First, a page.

Short-Term Stress Relief

Even in the middle of the most insane day, there are lots of things you can do that will immediately lower your stress level and help you both feel better, and create a small space in which you can begin to figure out how to lower your stresses over the long term. Additionally, getting the needle on your personal stress meter out of the red zone stops the current wear and tear on your body, and it helps prevent your brain and hormones from getting so sensitized to stress that they overreact to it in the future.

That's why we recommend that you try to feel good as often as you can, at least several times each day. These experiences are more than enjoyable: they help protect your body against future stresses, improve problem solving, and stop downward spirals. The occasional getaway for a weekend is great, but regular, daily, positive experiences will make much more difference for you over the long run.

Below, we've listed lots of ways to get your stress meter into the green. Many of them will take only a minute or so, and you can do the ones that take longer while nursing, tending to children, doing housework, or driving. And we heartily encourage you to use whatever stress-reducing techniques you have discovered on your own, as well.

One-Minute Soothers

  • Take four long, slow breaths, and as you exhale, imagine that a gray cloud of stress, worries, or troubles is leaving your life, and as you inhale, imagine that peace and love and wisdom are filling you up.
  • Take your shoes off, rub the bottoms of your feet with your knuckles, and massage the joints and tips of your toes.
  • Smell something nice, like an orange or your child's hair, or put on a dab of perfume.
  • Roll your head around to loosen your neck.
  • Splash water on your face.
  • While standing, bend over to touch the floor, shake your arms loosely, and straighten up slowly as you take in a big breath.
  • Look at something pretty.
  • Knead your neck and shoulders.
  • Nibble something good.
  • Rub your eyes and the bones around them gently.
  • Hug your child or partner for one whole minute.
  • Stretch your mouth open as wide as you can, like a lion roaring, and then let your face relax.
  • Remember a good joke.
  • Repeat a favorite saying or prayer to yourself.
Five-Minute Soothers
  • Make yourself a cup of tea.
  • Lie down, close your eyes, and imagine a warm, golden balm settling over you, softening the edges of your feelings, and gently carrying away any distress.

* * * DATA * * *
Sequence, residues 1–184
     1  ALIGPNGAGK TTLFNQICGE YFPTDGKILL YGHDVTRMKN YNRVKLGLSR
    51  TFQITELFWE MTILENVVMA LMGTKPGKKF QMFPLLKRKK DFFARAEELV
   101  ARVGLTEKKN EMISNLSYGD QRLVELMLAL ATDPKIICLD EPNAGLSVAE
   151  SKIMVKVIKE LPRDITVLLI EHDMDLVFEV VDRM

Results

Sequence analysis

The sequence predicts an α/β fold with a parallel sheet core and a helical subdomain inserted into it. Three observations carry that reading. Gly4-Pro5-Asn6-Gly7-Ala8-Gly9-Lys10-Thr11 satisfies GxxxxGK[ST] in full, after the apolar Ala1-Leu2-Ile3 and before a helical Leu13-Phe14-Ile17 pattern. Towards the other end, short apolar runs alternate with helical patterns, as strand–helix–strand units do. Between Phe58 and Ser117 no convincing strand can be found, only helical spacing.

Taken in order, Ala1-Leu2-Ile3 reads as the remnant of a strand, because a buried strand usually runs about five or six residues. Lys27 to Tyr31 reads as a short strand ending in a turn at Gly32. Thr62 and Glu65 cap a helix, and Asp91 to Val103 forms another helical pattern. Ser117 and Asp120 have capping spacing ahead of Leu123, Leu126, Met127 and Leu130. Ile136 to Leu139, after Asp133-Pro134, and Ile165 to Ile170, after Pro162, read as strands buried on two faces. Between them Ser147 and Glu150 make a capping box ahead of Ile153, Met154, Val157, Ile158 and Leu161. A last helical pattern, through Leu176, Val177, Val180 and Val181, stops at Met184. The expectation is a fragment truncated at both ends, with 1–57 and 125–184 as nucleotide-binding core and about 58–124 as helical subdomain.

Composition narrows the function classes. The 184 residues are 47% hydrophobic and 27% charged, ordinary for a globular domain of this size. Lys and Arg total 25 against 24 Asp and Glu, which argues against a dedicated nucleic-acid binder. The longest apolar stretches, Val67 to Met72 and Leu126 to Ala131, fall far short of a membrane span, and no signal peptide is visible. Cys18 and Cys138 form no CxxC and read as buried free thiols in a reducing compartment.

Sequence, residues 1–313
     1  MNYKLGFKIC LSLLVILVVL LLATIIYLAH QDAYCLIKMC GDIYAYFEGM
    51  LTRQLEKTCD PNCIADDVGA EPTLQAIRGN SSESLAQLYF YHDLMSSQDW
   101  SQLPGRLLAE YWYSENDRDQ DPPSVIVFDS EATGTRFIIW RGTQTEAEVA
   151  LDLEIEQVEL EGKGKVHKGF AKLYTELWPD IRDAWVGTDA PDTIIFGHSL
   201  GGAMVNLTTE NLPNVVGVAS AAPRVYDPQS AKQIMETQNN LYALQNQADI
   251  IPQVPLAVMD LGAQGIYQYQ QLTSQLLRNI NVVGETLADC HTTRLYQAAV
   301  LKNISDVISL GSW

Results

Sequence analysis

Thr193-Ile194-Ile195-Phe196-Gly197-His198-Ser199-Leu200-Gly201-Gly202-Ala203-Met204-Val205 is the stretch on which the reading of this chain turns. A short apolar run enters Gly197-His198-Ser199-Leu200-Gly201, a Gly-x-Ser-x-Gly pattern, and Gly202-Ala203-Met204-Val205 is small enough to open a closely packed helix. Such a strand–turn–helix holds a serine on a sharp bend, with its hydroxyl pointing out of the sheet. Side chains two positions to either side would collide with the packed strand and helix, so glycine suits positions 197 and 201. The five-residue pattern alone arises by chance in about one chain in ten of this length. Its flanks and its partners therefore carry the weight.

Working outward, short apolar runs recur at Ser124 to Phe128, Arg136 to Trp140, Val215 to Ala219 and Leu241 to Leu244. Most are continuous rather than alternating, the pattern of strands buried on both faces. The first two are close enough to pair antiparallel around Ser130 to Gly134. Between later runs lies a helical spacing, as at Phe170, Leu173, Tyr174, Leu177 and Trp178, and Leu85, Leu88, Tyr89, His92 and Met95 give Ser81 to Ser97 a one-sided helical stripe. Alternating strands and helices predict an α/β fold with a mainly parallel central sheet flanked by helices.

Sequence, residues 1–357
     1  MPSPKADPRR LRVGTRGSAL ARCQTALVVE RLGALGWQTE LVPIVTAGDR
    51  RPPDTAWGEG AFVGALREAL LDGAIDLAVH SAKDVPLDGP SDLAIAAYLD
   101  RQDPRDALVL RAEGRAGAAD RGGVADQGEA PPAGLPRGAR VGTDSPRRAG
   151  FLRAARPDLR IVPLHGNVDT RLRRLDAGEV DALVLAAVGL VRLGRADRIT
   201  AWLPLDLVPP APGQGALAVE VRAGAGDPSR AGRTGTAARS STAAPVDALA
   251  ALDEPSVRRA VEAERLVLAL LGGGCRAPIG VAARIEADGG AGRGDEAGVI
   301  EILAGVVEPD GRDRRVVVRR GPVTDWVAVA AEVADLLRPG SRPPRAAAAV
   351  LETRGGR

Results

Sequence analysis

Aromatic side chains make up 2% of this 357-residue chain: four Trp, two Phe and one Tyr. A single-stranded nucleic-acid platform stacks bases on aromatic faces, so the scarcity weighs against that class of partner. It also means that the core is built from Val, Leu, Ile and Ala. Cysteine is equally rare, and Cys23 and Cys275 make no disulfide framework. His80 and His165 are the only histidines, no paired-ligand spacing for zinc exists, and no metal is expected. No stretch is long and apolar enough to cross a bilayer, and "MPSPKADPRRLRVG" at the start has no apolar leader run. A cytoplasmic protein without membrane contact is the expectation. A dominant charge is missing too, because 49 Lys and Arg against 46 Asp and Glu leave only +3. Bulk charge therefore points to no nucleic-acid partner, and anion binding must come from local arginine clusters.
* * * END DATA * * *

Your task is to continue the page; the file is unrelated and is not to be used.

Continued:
• Listen to your favorite music, from Bach to the B-52s.
  • Ask someone for a sincere compliment.
  • Step outside and watch the play of sunlight dancing on leaves, or the moon and the stars.
  • Do a few minutes of stretching or yoga.
Fifteen-Minute Soothers
  • Take a long shower.
  • Read a magazine.
  • Go for a short walk and look for beauty.
  • Arrange flowers in a vase.
  • Cuddle up with your children or your partner.
  • Call a friend for a quick chat.
  • Be especially loving with someone.
  • Lie down for a brief nap.
  • Meditate for fifteen minutes.
  • Exercise, dance, stretch, or do yoga.
Thirty-Minute Soothers
  • Read a good book.
  • Take a bath - maybe with bubbles.
  • Watch a TV show.
  • Go for a walk.
  • Treat yourself to a good nap.
  • Trade a neck rub or foot massage with your partner.
  • Do some art or a craft.
  • Play a musical instrument.
  • Put some flowers in every room in the house.
  • Call a friend and really talk.
  • Make love with your partner.
One-Hour Soothers
  • Go for a run, swim, or bike ride, even if you have to arrange special child care to get an hour to yourself.
  • Get a manicure.
  • Go out to lunch with your partner, a friend, or a good book.
  • Visit your church or temple.
  • Browse through a bookstore.
  • Provide a simple charitable service to someone in greater need than you.
  • Go for a walk in a park.
  • Prepare a really nice meal just for you, or treat yourself to a special lunch.

From Mother Nurture: A Mother's Guide to Health in Body, Mind, and Intimate Relationships by Rick Hansen, Jan Hansen, and Ricki Pollycove. Copyright © 2002 by Rick Hanson. Jan Hanson, and Ricki Pollycove. Used by arrangement with Viking Penguin, a member of Penguin Group (USA) Inc.

To order this book visit amazon.


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